REP. JANE HARMAN (Calif.), the ranking Democrat on the House intelligence committee, took a step last week that she knew would be thermonuclear: Without the assent of the panel's chairman, Rep. Peter Hoekstra (R-Mich.), and in contravention of a previous understanding, she released an unclassified summary of a report about former representative Randy "Duke" Cunningham (R-Calif.). Later that day, in barely disguised retaliation, Mr. Hoekstra suspended a Democratic committee staff member's access to classified documents, ostensibly based on the flimsiest of suspicions that the aide had been involved in the leak of a separate, classified document.
Ms. Harman's unilateral strike violated the bipartisan basis on which the intelligence committees are meant, at least in theory, to operate. But that cannot justify Mr. Hoekstra's malicious and misdirected response, which tarnished a staff member's reputation and was not supported by any evidence. The issue involves the leak of the April 2006 National Intelligence Estimate on terrorism. The Democratic staffer, Laurence Hanauer, received a phone call from an aide to a committee member, Rep. John F. Tierney (D-Mass.), asking about the NIE; Mr. Tierney says he had gotten a call about the document from the New York Times. Mr. Hanauer looked for the document in the committee files and, not finding it, got a copy from the Office of the Director of National Intelligence. Four days later, the New York Times published a story about the NIE. "I cannot assume that this was mere coincidence," Mr. Hoekstra wrote in a letter to Ms. Harman.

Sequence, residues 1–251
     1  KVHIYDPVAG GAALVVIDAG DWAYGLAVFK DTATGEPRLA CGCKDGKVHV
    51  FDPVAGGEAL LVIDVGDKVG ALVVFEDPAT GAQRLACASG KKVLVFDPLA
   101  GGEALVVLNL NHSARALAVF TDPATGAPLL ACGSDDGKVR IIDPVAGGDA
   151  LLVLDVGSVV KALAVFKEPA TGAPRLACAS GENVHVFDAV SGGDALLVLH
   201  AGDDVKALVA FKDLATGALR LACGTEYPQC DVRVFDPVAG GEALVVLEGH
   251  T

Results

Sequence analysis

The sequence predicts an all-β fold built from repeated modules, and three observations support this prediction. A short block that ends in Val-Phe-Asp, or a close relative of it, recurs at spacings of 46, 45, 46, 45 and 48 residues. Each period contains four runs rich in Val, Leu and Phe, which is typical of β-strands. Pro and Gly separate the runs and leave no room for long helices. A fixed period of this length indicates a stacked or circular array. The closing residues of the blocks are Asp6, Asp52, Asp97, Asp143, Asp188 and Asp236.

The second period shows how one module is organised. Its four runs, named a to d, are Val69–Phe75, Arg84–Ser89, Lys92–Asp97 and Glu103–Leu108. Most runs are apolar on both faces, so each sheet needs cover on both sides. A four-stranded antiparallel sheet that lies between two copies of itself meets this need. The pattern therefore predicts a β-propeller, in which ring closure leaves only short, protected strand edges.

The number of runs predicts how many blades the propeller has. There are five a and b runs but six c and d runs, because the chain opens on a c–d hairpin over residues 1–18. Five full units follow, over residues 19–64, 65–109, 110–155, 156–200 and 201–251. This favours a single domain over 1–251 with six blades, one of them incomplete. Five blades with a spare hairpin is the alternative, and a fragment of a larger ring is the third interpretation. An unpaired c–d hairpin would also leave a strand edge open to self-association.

But Mr. Hanauer denies any involvement in the leak; he submitted a sworn affidavit to this effect yesterday. He immediately told his bosses after the story was published that he had retrieved the document. The Times had been working on its story for weeks and said it had interviewed "a dozen United States government officials and outside experts" who had seen the report or drafts of it.
Mr. Hoekstra's real motive -- striking back at Ms. Harman -- was made clear later in the letter, when he linked the two releases of information. Rep. Ray LaHood (R-Ill.), the committee vice chairman who had lodged a complaint about Mr. Hanauer weeks before, said he made his letter public to retaliate against Ms. Harman. "If the ranking member wants to play politics," he told Fox News, "there are some of us on the other side that can play politics, and I'm not afraid to do it."
Not afraid, perhaps. But the depth to which he and Mr. Hoekstra are willing to sink in doing so is nothing to be proud of. They should let Mr. Hanauer do his job.